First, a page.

It was a normal end of the day routine: go to the bus stop, wait. Glance up to see what birds are on the wires overhead at the corner of Grant Road and Alvernon Way in central Tucson, Arizona, hoping the time will pass more quickly. Saw a lone bird atop a utility pole. You know how you have those conversations with yourself, trying to talk yourself into one identification versus another? Well, mine went something like this:
Me: “It must be another pigeon. Has to be.”
Myself: “But it’s so white, and it looks a little bigger than the other Rock Doves across the street.”
Me: “Nah, it’s just all puffed up, showing off, you know.”
I: “What is it doing all by itself, then?”
Me: “Well, it’s too small to be a hawk if that’s what you’re thinking.”
Myself: “You’ve got your camera with you, zoom in on it.”
Me: “I’d have to get it out of my backpack, and out of the case….Oh, here comes the bus anyway.”
I: “I guess we’ll never know now….”
I boarded the bus, and once inside still looked longingly out the window at the mystery bird that surely must be a Rock Dove with an inflated ego. Then my thoughts were interrupted…..
Bus Driver to another passenger: “Do you need to use the lift?”
Me: “Well, if we’re going to be here another three minutes boarding this person, I might as well train my camera on that silly bird….”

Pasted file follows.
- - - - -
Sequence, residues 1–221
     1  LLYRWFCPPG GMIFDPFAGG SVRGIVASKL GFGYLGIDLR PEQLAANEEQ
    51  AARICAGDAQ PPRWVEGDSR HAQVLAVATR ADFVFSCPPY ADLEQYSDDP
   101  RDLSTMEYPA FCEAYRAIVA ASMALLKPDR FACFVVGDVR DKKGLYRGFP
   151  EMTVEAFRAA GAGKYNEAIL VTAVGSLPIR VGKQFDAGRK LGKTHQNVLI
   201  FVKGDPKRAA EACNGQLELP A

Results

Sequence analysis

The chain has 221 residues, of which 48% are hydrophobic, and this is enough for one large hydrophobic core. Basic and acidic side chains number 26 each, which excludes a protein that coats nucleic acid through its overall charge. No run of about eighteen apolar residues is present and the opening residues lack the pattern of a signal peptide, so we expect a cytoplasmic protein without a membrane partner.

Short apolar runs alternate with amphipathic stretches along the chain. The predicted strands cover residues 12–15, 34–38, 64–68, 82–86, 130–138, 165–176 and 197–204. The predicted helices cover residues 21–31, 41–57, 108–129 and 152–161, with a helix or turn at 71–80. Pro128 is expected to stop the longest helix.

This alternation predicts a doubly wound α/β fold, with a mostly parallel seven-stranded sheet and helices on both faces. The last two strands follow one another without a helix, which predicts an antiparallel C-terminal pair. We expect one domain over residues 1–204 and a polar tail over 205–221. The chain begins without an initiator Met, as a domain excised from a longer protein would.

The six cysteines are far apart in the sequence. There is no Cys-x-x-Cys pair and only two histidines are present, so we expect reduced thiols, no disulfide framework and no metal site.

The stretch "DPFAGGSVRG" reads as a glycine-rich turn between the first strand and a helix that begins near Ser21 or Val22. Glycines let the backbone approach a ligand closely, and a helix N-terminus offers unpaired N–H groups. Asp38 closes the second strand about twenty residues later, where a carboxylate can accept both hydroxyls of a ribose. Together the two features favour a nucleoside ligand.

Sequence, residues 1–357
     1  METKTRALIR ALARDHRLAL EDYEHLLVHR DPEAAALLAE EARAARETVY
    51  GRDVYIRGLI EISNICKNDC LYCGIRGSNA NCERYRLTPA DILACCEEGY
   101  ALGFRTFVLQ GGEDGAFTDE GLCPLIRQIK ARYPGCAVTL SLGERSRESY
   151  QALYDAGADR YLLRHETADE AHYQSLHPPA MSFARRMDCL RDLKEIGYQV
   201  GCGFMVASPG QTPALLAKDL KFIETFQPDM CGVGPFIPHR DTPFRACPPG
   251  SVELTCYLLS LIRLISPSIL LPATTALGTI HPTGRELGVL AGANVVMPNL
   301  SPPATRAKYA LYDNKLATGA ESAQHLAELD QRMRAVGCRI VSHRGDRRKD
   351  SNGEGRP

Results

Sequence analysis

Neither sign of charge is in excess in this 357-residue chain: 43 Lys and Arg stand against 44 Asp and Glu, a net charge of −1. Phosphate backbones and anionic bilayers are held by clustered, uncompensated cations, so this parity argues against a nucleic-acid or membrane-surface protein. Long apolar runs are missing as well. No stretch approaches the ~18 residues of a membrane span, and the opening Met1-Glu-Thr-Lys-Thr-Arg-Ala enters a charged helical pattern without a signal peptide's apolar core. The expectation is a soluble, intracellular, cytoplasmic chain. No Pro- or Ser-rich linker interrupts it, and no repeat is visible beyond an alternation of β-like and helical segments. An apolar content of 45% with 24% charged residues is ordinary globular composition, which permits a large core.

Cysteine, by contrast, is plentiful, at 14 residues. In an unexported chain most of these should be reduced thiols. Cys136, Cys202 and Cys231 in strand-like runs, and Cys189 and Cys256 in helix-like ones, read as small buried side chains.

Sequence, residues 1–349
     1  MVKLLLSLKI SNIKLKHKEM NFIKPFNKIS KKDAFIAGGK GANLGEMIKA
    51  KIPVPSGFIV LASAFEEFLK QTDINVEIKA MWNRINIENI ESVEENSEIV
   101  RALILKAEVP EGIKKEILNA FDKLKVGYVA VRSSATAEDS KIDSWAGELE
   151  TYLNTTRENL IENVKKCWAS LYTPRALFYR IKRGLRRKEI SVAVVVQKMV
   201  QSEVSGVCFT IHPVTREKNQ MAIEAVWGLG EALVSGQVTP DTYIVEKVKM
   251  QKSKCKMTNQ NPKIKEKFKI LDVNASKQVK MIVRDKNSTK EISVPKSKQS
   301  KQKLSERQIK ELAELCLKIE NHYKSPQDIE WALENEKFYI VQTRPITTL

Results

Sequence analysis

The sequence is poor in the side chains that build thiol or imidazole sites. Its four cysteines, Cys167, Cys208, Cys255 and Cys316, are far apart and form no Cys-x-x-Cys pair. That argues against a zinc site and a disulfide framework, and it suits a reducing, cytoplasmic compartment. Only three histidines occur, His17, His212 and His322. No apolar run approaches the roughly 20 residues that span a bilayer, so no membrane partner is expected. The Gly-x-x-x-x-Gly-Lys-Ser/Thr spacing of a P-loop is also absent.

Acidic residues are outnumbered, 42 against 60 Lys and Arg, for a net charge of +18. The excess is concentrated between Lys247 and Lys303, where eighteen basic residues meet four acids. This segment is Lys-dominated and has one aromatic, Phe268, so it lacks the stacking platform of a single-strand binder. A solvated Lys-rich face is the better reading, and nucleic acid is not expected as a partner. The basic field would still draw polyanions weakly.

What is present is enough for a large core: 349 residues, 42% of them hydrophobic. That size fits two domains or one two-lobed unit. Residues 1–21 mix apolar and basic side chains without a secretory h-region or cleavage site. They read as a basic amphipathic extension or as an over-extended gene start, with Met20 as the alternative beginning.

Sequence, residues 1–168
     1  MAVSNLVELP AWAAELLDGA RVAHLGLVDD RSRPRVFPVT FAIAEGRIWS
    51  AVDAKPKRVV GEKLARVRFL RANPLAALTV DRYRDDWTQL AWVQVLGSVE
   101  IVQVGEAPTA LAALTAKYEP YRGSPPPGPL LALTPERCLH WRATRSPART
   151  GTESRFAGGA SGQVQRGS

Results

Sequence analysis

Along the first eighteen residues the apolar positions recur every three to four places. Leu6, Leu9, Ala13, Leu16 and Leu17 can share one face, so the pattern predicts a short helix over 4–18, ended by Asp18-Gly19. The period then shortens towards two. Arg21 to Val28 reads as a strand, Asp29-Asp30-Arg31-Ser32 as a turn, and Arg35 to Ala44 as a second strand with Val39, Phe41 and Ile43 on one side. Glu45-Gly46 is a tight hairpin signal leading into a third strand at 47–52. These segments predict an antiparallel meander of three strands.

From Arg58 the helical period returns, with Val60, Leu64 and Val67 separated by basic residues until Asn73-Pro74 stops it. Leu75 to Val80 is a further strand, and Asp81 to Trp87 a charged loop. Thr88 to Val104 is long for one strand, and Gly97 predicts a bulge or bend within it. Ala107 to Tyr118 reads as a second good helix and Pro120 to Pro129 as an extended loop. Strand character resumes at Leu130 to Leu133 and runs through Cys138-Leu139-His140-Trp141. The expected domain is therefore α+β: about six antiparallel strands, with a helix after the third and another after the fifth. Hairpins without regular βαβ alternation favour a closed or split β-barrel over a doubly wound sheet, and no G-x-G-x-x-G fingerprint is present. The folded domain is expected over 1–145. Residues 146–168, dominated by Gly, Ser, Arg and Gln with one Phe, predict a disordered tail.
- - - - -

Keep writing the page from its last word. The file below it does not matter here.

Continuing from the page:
SFX: Unpacking camera, turning it on, zooming in….click, click, click.
I then reviewed the images, zooming in on the white blob in the middle of the picture….
Me: “What the….No way!....Are you kidding me?!
I could hardly believe what I was seeing, but it soon became undeniably obvious that the “pigeon” was an adult Peregrine Falcon.
Me (audibly, to the other passengers as I clicked away): “That’s a falcon on top of that light pole out there.”
Bus passengers in reply: Ok, pretty much crickets chirping….
Peregrine falcons are not exceptionally rare in Tucson, so seeing one is not necessarily cause for celebration all by itself, but this incident taught me something about myself: I shouldn’t dismiss the careful observations of Me, and I should listen to Myself more when he pesters Me to look a little more closely, verify my suspicions, and satisfy My curiosity. Trust your own instincts, too. It could pay off with a sweet surprise!